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dc.contributor.authorBurova, Irina I.-
dc.contributor.authorDudkina, Anastasia I.-
dc.date.accessioned2017-07-22T16:38:21Z-
dc.date.available2017-07-22T16:38:21Z-
dc.date.issued2017-06-
dc.identifier.citationBurova I. I., Dudkina A. I. What Made Byron Defend Lady Morgan? (A Commentary to the Poet’s Letter to J. Murray (February 20, 1818)). Vestnik SPbSU. Language and Literature, 2017, vol. 14, issue 2, pp. 171–178.en_GB
dc.identifier.other10.21638/11701/spbu09.2017.202-
dc.identifier.urihttp://hdl.handle.net/11701/7011-
dc.description.abstractThe article attempts to provide an explanation of Lord Byron’s disapproval of John Murray’s cruel treatment of Lady Morgan, which was clearly expressed in the poet’s letter of February 20, 1818. Accusing the famous publisher of his ungentlemanly callousness, Byron alluded to a harsh review of “France” (1817) by Lady Morgan in the “Quarterly review” launched by Murray in 1809 and famous for its aggressive critical essays on the most celebrated authors of the early 19th century. Lady Morgan was known as an author of some essays, poems and a couple of novels but her literary achievements were much more modest than those of either P. B. Shelley or M. Shelley or other first-magnitude authors severely criticized in the “Quarterly review”, so the anonymous reviewer’s partial attention to her work on France after the Bourbon Restoration meant that the book contained something more than a petticoat gossip collection. The analysis of “France” by Lady Morgan and its perception by British and French critics makes it fair to assume the pro-Irish trendiness of the text, namely an attempt to compare and contrast the life of French and Irish peasants, was the major cause for the attack on the author and her book in Britain. Byron shared Lady Morgan’s concern about the situation in Ireland and remained interested in the Irish question after the Act of Union 1800 even after the curtain had fallen on his official political career, so it is reasonable to suppose that his defence of the author of “France” came out from their common political ground as well as from the poet’s personal negative experience of being zoilised for his “Hours of Idleness” in the “Edinburgh review” a decade earlier. Refs 19.en_GB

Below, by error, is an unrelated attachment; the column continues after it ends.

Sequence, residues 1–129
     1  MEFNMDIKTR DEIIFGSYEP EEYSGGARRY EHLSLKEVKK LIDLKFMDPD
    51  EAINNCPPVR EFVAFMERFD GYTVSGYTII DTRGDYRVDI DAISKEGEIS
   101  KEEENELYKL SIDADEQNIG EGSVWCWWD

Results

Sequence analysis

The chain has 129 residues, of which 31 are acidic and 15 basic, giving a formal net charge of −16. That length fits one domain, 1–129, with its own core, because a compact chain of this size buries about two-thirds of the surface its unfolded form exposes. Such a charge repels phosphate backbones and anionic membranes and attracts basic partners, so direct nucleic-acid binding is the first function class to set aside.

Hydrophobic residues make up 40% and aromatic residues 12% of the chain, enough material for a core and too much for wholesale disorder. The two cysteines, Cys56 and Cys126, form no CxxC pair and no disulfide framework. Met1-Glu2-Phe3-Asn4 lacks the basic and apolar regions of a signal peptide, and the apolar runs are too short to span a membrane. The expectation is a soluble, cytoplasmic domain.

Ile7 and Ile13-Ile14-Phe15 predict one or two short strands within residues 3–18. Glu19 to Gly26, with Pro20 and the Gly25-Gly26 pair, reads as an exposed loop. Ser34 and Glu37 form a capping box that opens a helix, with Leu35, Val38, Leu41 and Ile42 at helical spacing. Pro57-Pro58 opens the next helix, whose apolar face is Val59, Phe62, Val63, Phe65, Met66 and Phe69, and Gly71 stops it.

dc.language.isoruen_GB
dc.publisherSt Petersburg State Universityen_GB
dc.relation.ispartofseriesVestnik of St Petersburg University. Language and Literature;Volume 14; Issue 2-
dc.subjectGeorge Gordon Byronen_GB
dc.subjectSidney Owensonen_GB
dc.subjectLady Morganen_GB
dc.subjectJohn Murreyen_GB
dc.subjectthe Bourbon Restoration in Franceen_GB
dc.subject“Quarterly Review”en_GB
dc.subjectunfair literary criticismen_GB
dc.subjectthe Irish Question after the 1800 Act of Unionen_GB
dc.titleWhat Made Byron Defend Lady Morgan? (A Commentary to the Poet’s Letter to J. Murray (February 20, 1818))en_GB
dc.typeArticleen_GB
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